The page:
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Thread: US plan to improve Afghan intelligence operations branded a $457m failure

  1. #46
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    Quote Originally Posted by Double Edge View Post
    Attacks on Kashmir are on the LOC which we return. Paks are losing in Kashmir. The paras are doing their job going after militants without any political interference. Hurriyat is under NIA watch. This will continue till some conclusion is reached
    Attacks in Kashmir is on the LoC, along the IB and inside Kashmir.

    Quote Originally Posted by Double Edge View Post
    If they have to move their forces east then there is no opposition to Afghans chasing any terrorists across their border. The drones will come through too. It isn't going to be as easy to get off the hook. In 2001 there was no ANA, the Taliban are on the back foot now

    So why will the paks invite a two front conflict
    This is the thing, Pak is not inviting a two front conflict. I guess the Paks don't think much of the ANA. But to secure high value targets, Pak would play this game, as they did earlier, knowing that the presence of US troops would deter the ANA from indulging in lone hot pursuits. And drones don't fly 24*7. The idea is to put troops on the eastern border citing fear of Indian retaliation, after a terorist attack in India, and letting the US play out the mediation. Sufficient time for terrorists to escape.

  2. #47
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    India should avoid bigger US strategic game: Karzai

    For a moment it felt like the DG ISPR was speaking. What's Karzai talking about? CPEC?

  3. #48
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    America Could Be in Afghanistan for Another 16 Years

    American forces could still be in Afghanistan sixteen years from now—or even generations from now—under the White House’s current strategy of maintaining an open-ended commitment to that war-torn nation.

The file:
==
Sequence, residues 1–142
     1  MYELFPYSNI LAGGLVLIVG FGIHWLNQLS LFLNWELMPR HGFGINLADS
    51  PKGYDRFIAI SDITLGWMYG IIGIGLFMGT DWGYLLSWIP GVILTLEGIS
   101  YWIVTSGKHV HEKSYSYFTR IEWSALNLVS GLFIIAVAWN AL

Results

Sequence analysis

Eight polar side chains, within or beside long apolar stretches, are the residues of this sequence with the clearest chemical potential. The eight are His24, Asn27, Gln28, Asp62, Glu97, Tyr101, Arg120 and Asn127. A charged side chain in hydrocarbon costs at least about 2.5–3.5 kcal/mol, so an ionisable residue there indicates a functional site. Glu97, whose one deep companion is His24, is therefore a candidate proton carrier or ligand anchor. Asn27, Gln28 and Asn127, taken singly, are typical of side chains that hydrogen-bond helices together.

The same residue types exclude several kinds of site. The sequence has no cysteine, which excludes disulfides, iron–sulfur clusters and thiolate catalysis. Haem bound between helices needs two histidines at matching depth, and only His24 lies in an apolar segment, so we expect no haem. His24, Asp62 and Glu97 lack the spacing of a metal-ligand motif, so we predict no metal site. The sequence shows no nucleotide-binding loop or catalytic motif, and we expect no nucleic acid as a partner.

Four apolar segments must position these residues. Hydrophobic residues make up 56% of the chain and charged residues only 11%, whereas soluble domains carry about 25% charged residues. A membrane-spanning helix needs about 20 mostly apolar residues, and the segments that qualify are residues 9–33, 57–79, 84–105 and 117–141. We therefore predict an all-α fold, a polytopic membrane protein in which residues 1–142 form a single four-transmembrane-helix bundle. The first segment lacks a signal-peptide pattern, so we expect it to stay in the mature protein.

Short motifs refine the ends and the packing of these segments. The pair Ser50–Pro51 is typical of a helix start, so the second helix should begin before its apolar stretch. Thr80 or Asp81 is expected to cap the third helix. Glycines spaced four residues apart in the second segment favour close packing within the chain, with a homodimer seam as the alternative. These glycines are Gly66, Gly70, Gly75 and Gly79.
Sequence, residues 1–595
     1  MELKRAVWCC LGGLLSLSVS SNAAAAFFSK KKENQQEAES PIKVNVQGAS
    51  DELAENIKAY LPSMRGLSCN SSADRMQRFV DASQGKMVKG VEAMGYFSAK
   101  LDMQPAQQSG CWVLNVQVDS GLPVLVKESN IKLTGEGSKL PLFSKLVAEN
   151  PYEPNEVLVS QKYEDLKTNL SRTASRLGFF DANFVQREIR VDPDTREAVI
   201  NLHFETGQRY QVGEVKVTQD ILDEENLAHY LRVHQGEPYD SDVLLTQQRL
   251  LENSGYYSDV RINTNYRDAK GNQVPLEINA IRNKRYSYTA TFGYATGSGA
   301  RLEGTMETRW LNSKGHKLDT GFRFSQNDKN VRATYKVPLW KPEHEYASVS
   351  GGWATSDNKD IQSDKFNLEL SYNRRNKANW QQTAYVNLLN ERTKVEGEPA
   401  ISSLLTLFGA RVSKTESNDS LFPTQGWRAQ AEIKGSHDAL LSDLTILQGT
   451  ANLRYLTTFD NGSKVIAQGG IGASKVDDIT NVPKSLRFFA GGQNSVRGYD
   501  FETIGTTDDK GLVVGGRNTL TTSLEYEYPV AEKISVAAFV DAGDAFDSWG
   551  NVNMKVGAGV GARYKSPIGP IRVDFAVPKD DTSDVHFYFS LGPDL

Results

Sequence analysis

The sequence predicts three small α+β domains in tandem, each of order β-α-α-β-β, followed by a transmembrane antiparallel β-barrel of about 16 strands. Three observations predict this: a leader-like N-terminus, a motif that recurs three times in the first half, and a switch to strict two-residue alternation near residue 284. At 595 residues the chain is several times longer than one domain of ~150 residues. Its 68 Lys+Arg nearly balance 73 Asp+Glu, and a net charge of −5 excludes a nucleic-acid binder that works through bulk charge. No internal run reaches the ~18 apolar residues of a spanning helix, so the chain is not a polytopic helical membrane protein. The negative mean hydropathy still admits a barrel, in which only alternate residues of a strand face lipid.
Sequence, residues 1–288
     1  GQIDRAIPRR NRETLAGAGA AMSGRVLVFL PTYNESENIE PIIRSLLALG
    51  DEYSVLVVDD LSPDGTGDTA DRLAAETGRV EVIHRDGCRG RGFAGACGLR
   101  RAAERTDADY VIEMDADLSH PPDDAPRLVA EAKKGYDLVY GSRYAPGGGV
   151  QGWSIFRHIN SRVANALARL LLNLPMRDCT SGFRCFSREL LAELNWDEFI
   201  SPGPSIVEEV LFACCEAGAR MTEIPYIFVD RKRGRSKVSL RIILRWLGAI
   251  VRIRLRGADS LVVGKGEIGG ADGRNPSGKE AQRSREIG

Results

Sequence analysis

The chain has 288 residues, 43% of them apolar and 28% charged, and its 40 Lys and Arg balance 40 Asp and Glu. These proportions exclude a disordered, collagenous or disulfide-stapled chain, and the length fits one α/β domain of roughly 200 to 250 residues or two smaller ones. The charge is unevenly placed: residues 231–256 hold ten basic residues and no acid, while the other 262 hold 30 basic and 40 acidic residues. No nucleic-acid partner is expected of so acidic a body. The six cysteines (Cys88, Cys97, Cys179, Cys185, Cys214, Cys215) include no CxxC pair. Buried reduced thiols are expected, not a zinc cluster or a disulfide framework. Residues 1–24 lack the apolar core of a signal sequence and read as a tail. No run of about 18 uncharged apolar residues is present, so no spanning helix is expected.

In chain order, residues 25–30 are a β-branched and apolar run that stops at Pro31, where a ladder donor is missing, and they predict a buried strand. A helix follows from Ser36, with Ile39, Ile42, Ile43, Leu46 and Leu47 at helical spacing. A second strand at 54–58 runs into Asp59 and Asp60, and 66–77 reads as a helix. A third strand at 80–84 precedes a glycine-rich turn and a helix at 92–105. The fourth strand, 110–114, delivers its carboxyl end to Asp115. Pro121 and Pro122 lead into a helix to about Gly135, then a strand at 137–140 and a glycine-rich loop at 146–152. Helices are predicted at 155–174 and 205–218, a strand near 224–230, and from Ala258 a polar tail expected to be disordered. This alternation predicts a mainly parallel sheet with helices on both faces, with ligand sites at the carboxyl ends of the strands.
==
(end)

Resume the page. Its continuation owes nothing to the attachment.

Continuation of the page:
“I think we will be there in sixteen years,” retired U.S. Marine Corps Gen. John Allen told an audience at the Center for the National Interest during a lunch-time discussion on Sept. 13. “But I don’t think this is a sixteen-year loss on our part.”

    Allen said that American forces in Afghanistan could be “holding the line” indefinitely into the future under President Donald Trump’s new strategy. The United States drew down its forces very quickly during the waning days of the Obama administration, which inevitably led to the current state of affairs in Afghanistan. “President Trump has removed the end date and has given us an end state,” Allen said. “With this president committed to an outcome that is whatever he calls winning...then I think we can hold the line at the security level.”

    Holding the line at the security level would allow the Afghans to develop greater capacity in governance and greater capacity in economic development. “If we can get those two going—where we’re holding the line at the security level—and we’ve got a chance,” Allen said. “So we may well be there for another sixteen years, we’ve been in Kosovo for a very long time. We’ve had troops in the Sinai for a generation.”

    Allen also noted that the United States has been in the Republic of Korea and Japan for decades to “win the peace.” It took decades for South Korea to emerge from military rule and an extreme level of corruption as a fully functional democracy, but it eventually did thanks to the presence of American forces. Afghanistan might never become a fully-fledged democracy, but Allen argues that the only option is to stay the course. The alternative is to see the collapse of the Afghan government and the reemergence of an Islamic fundamentalist state. “I think the alternatives are just obvious in this regard,” Allen said.

    Amb. James Dobbins, a senior fellow at the RAND Corporation—who was also speaking during the panel—agreed with Allen’s assessment. Dobbins noted that that President Trump has approved for Afghanistan measures that were originally recommended to President Barack Obama in 2014. While Obama believed that the situation was hopeless and chose to withdraw, Trump has chosen to double down on winning a victory in Afghanistan, at least as he definines it.

    Trump has put his own stamp on the Afghan mission, defining “victory” as “crushing Al Qaeda” and preventing the Taliban from gaining control of that country rather than by building a successful democracy, Dobbins said. Though Trump is averse to nation building, he is continuing the policy of strengthening Afghanistan’s institutions, economy and stamping out corruption. “So there is an element of continuity there,” Dobbins added.

    Dobbins noted that while Trump himself has sounded skeptical about reaching some sort of peace deal in Afghanistan, reconciliation with the Taliban is essentially the centerpiece of American policy in that nation. That is partly out of necessity to retain the commitment of America’s European allies, but it is also the only exit strategy the United States has in Afghanistan. “That really only gives you one exit strategy, and the exit strategy is some kind of negotiated settlement,” Dobbins said.